Tip 5: turn-around time: How long will it take for you to receive an edited version of your audio? This will matter to you.
Tip 6: You should be able to answer this question: Does this person have experience using audio editing software, or will he or she need to spend time learning that? I recommend that you hire someone who already has the skills.
Tip 7: Another important question to ask is this one: Does the editor have happy clients? If an editor has a web site, look for testimonials.
Tip 8: Know How files will be shared: I use and recommend Dropbox. However, I know some people who use Google Drive.
Tip 9: Another thing to be concerned about is time spent on communication, back and forth file exchanges, etc.: Ideally, a podcast editing service should be set up in a “set it and forget it” sort of way so that when you are paying for someone else to edit your audio, you’re not having to do ANYTHING from the time you hit the “stop” button on your recording software and upload the file to Dropbox.
Tip 10: Don’t be afraid to speak with the person you are interested in hiring. Don’t let him or her hide behind email. This is a great time to clearly communicate your expectations.
Tip 11: The editor should be able to provide samples.
Tip 12: Ask this question: Do I, as the client need to provide detailed notes for each episode? If I want to provide specifics on a particular episode, will that be allowed? I may want certain things deleted, I may want to insert something at a specific point in the episode.
Tip 13: After you have found an editor, trust him or her to make your sound completely reflective of your voice and your brand. He or she will be able to help you sleep at night because you know the technical end is taken care of. You end up having a partnership with that person, in which they can keep on top of the most current trends with technology in podcasting. Knowing you have someone that is making your audio the best it can be, and knowing you can trust them with your podcast is vital. Ideally, they would take ownership of the audio for your podcast and treat it with the care they would their own.
Tip 14: if you can hear it, so can the microphone. Before you start recording, reduce the noise in your environment. Examples of things you can do are:
- fans and air conditioners, [turn them off]
- Minimize echo/reverb.. [one way of fixing this might be through microphone placement. More on that in another tip]
- computer, [turn off if you can] – Consider using either a digital audio recorder or a smartphone recording app.
- Make sure you have enough memory.
- Close any programs that don’t need to be open while you record.
- Are you speaking loudly enough?
- Are you unknowingly breathing heavily into the microphone?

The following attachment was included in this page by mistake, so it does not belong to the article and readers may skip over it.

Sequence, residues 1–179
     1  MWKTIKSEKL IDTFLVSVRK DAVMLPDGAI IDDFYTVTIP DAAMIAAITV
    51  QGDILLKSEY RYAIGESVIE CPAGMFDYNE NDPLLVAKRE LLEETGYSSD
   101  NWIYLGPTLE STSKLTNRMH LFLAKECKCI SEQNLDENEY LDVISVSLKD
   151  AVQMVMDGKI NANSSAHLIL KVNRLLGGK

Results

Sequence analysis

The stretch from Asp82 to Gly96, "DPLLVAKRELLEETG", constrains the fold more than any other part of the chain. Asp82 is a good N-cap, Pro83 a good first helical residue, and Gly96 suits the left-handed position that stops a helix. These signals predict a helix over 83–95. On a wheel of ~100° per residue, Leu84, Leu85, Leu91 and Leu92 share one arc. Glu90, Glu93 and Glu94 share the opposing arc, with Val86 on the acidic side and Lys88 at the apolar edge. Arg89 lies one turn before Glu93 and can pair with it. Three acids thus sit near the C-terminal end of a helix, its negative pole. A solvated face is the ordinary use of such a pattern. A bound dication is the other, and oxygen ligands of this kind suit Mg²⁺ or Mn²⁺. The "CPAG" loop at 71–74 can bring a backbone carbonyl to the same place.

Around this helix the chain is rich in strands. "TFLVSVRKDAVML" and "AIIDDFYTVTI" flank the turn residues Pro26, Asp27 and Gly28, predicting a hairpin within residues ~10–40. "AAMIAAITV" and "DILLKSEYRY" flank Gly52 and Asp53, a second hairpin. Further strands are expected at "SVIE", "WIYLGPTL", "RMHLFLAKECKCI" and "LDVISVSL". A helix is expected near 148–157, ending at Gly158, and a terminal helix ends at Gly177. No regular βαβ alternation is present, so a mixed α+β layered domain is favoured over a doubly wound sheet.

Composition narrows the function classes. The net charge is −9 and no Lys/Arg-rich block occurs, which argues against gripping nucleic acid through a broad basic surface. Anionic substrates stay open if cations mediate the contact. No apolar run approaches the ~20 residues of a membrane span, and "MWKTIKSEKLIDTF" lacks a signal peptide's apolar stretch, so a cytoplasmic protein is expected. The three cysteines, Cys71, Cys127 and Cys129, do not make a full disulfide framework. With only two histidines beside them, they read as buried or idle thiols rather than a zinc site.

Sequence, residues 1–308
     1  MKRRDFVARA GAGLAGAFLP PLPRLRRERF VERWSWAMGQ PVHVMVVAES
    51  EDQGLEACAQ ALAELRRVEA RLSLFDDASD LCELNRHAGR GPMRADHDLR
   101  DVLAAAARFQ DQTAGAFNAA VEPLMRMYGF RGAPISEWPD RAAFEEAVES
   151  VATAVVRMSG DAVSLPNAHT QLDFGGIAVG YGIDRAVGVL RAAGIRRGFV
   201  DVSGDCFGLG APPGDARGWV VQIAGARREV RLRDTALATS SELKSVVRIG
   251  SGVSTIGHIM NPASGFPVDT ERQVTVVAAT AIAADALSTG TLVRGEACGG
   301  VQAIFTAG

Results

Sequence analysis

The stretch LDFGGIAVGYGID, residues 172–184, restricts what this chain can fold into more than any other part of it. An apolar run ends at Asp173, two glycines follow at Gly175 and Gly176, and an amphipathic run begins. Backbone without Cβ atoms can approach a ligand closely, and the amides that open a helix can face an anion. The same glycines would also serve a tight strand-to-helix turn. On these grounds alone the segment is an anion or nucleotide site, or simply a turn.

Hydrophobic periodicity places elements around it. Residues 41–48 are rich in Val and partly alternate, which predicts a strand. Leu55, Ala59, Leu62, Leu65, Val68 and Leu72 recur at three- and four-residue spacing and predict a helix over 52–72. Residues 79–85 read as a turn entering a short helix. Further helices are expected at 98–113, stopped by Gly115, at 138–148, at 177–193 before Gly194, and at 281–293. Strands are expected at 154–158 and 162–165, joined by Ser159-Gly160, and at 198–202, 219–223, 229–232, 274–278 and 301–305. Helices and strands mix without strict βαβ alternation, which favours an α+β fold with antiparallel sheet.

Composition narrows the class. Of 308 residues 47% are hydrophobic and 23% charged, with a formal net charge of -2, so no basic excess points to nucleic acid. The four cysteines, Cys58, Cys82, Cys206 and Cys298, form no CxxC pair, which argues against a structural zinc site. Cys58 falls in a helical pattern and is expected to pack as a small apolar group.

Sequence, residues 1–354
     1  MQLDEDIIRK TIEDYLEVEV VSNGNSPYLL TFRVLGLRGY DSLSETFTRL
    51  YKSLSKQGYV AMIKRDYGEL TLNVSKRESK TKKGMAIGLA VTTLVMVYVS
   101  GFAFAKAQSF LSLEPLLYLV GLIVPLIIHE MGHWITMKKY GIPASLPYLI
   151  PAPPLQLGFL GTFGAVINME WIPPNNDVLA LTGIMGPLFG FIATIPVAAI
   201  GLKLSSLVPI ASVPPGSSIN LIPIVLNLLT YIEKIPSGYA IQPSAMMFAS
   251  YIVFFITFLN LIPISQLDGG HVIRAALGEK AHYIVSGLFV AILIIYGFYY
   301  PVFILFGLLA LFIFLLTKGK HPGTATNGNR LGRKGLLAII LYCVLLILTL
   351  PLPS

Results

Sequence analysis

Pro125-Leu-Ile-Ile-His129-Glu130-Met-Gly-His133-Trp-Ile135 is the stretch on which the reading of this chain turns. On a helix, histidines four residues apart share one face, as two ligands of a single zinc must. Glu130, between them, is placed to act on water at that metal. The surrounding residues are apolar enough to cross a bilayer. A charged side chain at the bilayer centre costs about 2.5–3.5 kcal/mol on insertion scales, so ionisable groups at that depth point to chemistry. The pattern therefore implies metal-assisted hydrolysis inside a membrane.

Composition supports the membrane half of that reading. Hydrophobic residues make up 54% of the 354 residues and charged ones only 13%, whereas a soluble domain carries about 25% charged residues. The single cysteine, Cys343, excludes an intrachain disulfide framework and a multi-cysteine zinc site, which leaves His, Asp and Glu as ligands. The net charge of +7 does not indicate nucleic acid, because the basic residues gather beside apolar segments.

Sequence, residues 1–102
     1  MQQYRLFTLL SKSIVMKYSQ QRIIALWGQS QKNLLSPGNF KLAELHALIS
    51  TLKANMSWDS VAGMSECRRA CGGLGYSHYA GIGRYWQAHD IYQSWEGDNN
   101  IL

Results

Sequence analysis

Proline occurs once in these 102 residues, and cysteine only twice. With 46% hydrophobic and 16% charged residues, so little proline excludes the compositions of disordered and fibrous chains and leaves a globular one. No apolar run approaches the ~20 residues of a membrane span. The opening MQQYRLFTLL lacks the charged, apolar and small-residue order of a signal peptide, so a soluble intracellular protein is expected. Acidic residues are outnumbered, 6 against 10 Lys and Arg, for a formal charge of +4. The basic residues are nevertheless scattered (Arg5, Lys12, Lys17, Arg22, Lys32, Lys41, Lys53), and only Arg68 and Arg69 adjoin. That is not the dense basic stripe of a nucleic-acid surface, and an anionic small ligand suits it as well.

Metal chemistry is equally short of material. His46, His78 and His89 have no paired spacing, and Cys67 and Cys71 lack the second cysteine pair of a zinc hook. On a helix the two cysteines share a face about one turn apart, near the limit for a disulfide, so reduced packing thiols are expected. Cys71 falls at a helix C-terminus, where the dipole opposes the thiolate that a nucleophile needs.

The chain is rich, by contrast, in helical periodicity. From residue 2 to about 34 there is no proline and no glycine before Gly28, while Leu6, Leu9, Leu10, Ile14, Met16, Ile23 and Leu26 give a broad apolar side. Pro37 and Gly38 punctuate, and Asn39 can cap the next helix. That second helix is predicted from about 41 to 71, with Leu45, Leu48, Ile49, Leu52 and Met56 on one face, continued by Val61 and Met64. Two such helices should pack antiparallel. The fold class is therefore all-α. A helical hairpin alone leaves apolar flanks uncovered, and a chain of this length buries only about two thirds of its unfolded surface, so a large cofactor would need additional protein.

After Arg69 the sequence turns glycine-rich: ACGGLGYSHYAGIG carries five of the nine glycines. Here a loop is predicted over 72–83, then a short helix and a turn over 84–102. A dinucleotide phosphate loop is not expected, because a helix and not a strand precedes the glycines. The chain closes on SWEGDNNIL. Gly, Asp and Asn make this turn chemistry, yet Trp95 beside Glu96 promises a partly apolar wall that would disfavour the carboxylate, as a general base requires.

- Is there typing in the background? [You’ll want to minimize this.]
- Can you hear side conversations in the background?
Tip 15: Before you publish an episode, listen. If something needs to be changed, the best time to make the change is before you publish the episode.
Tip 16: refer to
episode 81 of the Audacity To Podcast.
You’ll learn about microphone placement.
Tip 17: If you use a computer to record, Make sure your computer is optimized for recording.
Tip 18:: Do a sound check before you start recording. Listen for the following:
Tip 19: Before you hit record, spend some time outlining your content. Don’t script every word. Point form is good enough.
Tip 20: Ask your editor for additional guidance.
Tip 21. At the beginning of your relationship withthe the editor, make sure he or she understands the flow of each episode and what degree of editing you are expecting.
If you follow these tips, then your workflow for each episode will be as follows:
- Upload to Dropbox
- Let the editor know that there’s audio waiting for him or her.
- Receive the finished episode
Questions, Possible Problems, and Solutions
Do I have to provide notes for each episode?
You only need to do this if there are specific things you want done to an episode. Other than that, clearly communicate how you want each episode to flow.
Poor Audio From Your Guest
Daniel J. Lewis suggests the following in episode 190 of The Audacity To Podcast:
“Ensure your guest knows how to use a microphone. Generally, this means doing only three things: talk into the mic, stay a consistent distance away (a fist-width away is usually ideal), and don’t touch the mic or anything connected to it.
Ensure your guest is in a quiet and low-reverb space for recording. This should also be somewhere with a good Internet or cellular connection (wired is best if talking over a telephone line or a computer).
If you want to outsource audio editing, I hope this detailed post gave you the information you need. If you need more information, go to the contact page and send me an email.